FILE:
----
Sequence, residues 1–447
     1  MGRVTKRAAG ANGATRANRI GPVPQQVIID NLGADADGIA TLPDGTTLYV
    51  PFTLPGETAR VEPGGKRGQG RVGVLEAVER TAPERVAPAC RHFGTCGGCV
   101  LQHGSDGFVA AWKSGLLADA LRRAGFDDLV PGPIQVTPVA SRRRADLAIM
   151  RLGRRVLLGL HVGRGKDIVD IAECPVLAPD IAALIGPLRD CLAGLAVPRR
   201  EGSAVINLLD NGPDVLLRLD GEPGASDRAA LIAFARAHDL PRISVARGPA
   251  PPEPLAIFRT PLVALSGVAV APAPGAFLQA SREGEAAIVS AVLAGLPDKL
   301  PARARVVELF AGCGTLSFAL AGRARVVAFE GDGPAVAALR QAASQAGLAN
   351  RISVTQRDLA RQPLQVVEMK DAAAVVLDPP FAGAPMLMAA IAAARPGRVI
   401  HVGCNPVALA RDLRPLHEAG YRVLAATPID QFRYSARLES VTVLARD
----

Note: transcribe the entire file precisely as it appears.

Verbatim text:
Sequence, residues 1–447
     1  MGRVTKRAAG ANGATRANRI GPVPQQVIID NLGADADGIA TLPDGTTLYV
    51  PFTLPGETAR VEPGGKRGQG RVGVLEAVER TAPERVAPAC RHFGTCGGCV
   101  LQHGSDGFVA AWKSGLLADA LRRAGFDDLV PGPIQVTPVA SRRRADLAIM
   151  RLGRRVLLGL HVGRGKDIVD IAECPVLAPD IAALIGPLRD CLAGLAVPRR
   201  EGSAVINLLD NGPDVLLRLD GEPGASDRAA LIAFARAHDL PRISVARGPA
   251  PPEPLAIFRT PLVALSGVAV APAPGAFLQA SREGEAAIVS AVLAGLPDKL
   301  PARARVVELF AGCGTLSFAL AGRARVVAFE GDGPAVAALR QAASQAGLAN
   351  RISVTQRDLA RQPLQVVEMK DAAAVVLDPP FAGAPMLMAA IAAARPGRVI
   401  HVGCNPVALA RDLRPLHEAG YRVLAATPID QFRYSARLES VTVLARD